The sum of the radiation doses to individuals of a population. It is expressed in units of person-sievert (SI) or person-rem (conventional). For example, if 1000 people each received a radiation dose of 1 sievert, their population dose would be 1000 person-sievert.


A portable detection device for measuring the total accumulated exposure to ionizing radiation. See also Thermoluminescent dosimeter.


Commonly used to describe the flow of groundwater from higher to lower concentration. Analogous to “downstream.”

Effective dose equivalent

Abbreviated EDE, it is the sum of the products of the dose equivalent received by specified tissues of the body and a tissue-specific weighting factor. This sum is a risk-equivalent value and can be used to estimate the health risk of the exposed individual. The tissue-specific weighting factor represents the fraction of the total health risk resulting from uniform whole-body irradiation that would be contributed by that particular tissue. The EDE includes the committed EDE from internal deposition of radionuclides and the EDE due to penetrating radiation from sources external to the body. EDE is expressed in units of sievert (SI) or rem (conventional).


A liquid waste discharged to the environment.


A release of air to the environment containing gaseous or particulate matter having one or more contaminants.

Environmental remediation

The process of improving a contaminated area to a noncontaminated or safe condition.


A measure of the ionization produced in air by x-ray or gamma radiation. The unit of exposure is the coulomb per kilogram (SI) or roentgen (conventional).

External radiation

Radiation originating from a source outside the body.

Gamma radiation

Short-wavelength electromagnetic radiation of nuclear origin that has no mass or charge. Because of its short wavelength (high energy), gamma radiation can cause ionization. Other electromagnetic radiation, such as microwaves, visible light, and radio waves, have longer wavelengths (lower energy) and cannot cause ionization.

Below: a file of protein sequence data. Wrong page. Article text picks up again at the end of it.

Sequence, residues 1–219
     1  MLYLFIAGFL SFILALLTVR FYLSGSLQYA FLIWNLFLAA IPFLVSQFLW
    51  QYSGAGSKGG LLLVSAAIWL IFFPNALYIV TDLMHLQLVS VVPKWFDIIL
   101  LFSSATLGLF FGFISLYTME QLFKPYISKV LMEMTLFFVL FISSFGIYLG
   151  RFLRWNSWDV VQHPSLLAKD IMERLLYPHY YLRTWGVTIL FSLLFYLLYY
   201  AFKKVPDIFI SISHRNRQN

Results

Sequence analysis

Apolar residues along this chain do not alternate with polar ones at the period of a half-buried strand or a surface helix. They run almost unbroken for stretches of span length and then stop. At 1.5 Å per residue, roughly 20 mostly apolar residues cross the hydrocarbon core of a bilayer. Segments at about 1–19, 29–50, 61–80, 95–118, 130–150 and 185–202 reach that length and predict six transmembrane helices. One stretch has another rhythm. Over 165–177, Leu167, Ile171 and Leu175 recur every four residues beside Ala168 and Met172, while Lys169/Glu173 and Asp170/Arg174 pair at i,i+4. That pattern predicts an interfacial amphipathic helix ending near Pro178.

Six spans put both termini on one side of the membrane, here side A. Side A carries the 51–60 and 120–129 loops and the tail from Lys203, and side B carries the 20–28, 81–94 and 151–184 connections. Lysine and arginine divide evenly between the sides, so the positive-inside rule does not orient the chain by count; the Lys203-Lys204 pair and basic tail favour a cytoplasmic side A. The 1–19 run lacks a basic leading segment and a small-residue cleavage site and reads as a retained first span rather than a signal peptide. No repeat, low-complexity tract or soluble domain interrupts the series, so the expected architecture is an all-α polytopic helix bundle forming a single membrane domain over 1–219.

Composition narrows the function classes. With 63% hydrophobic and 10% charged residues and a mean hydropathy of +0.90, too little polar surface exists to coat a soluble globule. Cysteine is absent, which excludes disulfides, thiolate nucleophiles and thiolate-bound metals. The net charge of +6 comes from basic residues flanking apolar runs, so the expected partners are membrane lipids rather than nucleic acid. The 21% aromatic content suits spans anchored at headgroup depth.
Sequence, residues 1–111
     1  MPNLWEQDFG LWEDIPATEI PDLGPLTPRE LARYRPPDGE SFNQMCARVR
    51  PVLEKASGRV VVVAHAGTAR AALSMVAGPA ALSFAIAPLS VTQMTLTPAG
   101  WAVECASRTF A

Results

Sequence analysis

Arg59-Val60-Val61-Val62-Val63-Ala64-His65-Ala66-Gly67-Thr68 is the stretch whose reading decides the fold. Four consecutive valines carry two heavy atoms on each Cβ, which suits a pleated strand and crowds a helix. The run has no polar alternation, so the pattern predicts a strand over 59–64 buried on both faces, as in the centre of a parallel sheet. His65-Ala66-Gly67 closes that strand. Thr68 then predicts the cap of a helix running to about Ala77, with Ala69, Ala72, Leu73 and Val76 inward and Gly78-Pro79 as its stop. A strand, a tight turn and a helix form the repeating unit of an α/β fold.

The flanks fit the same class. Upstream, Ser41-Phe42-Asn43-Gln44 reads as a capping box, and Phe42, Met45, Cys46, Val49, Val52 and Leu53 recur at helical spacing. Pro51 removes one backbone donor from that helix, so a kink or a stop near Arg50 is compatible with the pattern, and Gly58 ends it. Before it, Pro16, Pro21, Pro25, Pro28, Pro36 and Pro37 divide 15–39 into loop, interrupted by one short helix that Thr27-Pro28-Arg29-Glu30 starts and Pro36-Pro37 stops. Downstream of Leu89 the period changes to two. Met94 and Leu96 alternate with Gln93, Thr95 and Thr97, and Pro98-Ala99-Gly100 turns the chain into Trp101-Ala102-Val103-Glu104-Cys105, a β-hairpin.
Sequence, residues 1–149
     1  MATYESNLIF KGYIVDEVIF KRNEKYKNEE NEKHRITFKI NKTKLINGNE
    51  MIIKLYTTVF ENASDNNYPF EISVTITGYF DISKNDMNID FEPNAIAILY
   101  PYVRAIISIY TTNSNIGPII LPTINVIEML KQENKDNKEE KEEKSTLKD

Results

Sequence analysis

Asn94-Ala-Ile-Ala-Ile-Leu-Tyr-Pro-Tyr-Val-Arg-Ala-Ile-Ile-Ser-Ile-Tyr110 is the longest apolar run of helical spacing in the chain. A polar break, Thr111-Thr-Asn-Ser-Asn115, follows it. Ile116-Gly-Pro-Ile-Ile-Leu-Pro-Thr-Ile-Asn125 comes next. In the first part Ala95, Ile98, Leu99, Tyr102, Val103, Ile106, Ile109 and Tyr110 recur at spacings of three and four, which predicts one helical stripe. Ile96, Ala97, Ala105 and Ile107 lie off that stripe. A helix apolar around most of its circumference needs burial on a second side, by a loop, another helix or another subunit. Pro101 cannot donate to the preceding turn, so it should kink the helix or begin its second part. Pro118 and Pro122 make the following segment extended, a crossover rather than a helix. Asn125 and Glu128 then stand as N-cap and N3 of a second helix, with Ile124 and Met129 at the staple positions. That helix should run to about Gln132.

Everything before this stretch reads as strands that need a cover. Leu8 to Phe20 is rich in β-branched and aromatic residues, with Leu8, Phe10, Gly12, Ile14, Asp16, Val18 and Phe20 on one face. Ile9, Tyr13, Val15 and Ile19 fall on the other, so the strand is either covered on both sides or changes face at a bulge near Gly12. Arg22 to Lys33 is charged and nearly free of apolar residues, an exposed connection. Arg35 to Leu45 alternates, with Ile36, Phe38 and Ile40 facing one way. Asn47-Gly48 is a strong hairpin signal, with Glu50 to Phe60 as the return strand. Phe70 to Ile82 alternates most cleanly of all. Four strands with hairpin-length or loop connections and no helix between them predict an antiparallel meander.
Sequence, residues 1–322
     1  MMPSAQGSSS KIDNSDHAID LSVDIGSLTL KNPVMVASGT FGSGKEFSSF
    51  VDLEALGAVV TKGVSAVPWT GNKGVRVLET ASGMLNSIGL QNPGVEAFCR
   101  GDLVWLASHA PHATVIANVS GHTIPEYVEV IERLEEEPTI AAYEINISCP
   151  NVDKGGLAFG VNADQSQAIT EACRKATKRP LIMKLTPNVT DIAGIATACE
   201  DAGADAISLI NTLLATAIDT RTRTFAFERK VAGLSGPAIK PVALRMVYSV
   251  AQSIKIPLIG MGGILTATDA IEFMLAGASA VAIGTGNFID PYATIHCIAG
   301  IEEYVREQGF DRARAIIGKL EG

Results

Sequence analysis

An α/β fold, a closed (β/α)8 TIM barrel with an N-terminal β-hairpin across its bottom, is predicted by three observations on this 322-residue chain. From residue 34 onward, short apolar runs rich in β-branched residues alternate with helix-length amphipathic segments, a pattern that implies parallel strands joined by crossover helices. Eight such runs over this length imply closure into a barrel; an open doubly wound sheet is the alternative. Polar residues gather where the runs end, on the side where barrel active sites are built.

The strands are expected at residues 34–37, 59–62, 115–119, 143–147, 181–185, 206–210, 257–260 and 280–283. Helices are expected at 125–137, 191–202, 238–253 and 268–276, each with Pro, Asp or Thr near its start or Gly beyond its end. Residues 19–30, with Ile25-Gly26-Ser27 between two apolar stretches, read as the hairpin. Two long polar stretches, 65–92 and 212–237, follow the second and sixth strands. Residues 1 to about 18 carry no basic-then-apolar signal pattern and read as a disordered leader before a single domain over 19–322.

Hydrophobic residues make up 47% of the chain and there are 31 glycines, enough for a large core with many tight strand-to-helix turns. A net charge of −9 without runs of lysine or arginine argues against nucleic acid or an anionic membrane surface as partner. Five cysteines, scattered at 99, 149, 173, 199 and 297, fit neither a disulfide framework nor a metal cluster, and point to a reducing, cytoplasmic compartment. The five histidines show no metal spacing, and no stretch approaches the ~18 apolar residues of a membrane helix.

A subsurface body of water in a zone of saturated soil sediments.

Half-Life, radioactive

The time required for the activity of a radioactive substance to decrease to half its value by inherent radioactive decay. After two half-lives, one-fourth of the original activity remains (1/2 ´ 1/2); after three half-lives, one-eighth of the original activity remains (1/2 ´ 1/2 ´ 1/2); and so on.

Hazardous waste

Waste exhibiting any of the following characteristics: ignitability, corrosivity, reactivity, or EP-toxicity (yielding toxic constituents in a leaching test). Because of its concentration, quantity, physical, or chemical characteristics, it may (1) cause or significantly contribute to an increase in mortality rates or cases of serious irreversible illness or (2) pose a substantial present or potential threat to human health or the environment when improperly treated, stored, transported, disposed of, or handled.

Internal radiation

Radiation from a source within the body as a result of deposition of radionuclides in body tissues by processes such as ingestion, inhalation, or implantation. Potassium (40K), a naturally occurring radionuclide, is a major source of internal radiation in living organisms.


A common unit for reporting radiation dose. A millirem is one thousandth (10–3) of a rem. See Rem.


A species of atom characterized by what constitutes the nucleus, which is specified by the number of protons, number of neutrons, and energy content; or, alternatively, by the atomic number, mass number, and atomic mass. To be regarded as a distinct nuclide, the atom must be able to exist for a measurable length of time.

Organic compound

A chemical whose primary constituents are carbon and hydrogen.

Part B permit

The second, narrative section submitted by generators in the RCRA permitting process. It details the procedures followed at a facility to protect human health and the environment.


The unit of population dose, which expresses the sum of radiation exposures received by a population. For example, two persons, each with a 0.5-rem exposure, receive 1 person-rem, and 500 people, each with an exposure of 0.002 rem, also receive 1 person-rem.


A measure of hydrogen ion concentration in an aqueous solution. Acidic solutions have a pH less than 7, basic solutions have a pH greater than 7, and neutral solutions have a pH of 7.